Whether or not the author/s of the biblical version was/were aware of any of these older stories or consciously worked off of them is impossible to know and immaterial (though the similarities between the biblical account and the Atrahasis epic raises questions of dependence of the former on the latter, namely the sequence: creation—population growth—an unforeseen problem—devestating flood.)
Understanding the impact of these first two points will lead to the third:
3. The story does not depict an “accurate” account of history, but the ancient Israelites’ understanding of that long-past event that survived in cultural memory. Reading the flood story in Genesis does not tell us “what happened,” but it does tell us something of what the Israelites believed about their God.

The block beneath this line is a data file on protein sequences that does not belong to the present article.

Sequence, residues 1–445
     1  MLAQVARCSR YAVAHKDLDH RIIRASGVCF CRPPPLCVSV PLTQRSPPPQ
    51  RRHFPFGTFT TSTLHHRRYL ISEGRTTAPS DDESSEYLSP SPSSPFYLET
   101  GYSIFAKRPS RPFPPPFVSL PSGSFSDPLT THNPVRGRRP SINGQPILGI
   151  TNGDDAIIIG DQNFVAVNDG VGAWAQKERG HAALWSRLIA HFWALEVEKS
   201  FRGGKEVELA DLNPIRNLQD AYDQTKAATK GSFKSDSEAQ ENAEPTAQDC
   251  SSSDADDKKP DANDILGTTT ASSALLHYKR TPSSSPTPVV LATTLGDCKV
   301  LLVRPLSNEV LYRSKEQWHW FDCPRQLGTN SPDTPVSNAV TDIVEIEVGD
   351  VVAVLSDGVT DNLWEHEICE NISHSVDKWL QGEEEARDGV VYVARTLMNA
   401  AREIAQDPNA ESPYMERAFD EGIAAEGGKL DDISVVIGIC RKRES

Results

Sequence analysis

In other words, it is a statement of theology, not history (despite the historical trigger mentioned above).
Just what that theology is isn’t laid out for us in black and white. You have to read between the lines a bit. But the story is certainly connected to two others in the Bible: creation and the exodus from Egypt.
In the creation story (Genesis 1), God fixes a dome-like “firmament” to hold back the waters of chaos, which creates habitable space beneath, first the sky and then dry land. In the flood story, the “windows” of the firmament open up letting the waters of chaos crash back down onto the habitable space, thus returning the created order back into its original state of chaos.
The flood, as God’s retribution, is an undoing of creation which leads to a re-creation, as it were, with a new Adam: Noah.
The reason given in Genesis for this need to start over is human wickedness. Now, this raises (and has raised for a long time) all sorts of problems, namely why God goes so over-the-top. We’re only in the 6th chapter of the Bible. Couldn’t God think of another solution or was drowning the only option?
But this may be asking the wrong question. Rather than trying to explain why God would do such and such, it is more fruitful to ponder what this story tells us about Israel’s understanding of God.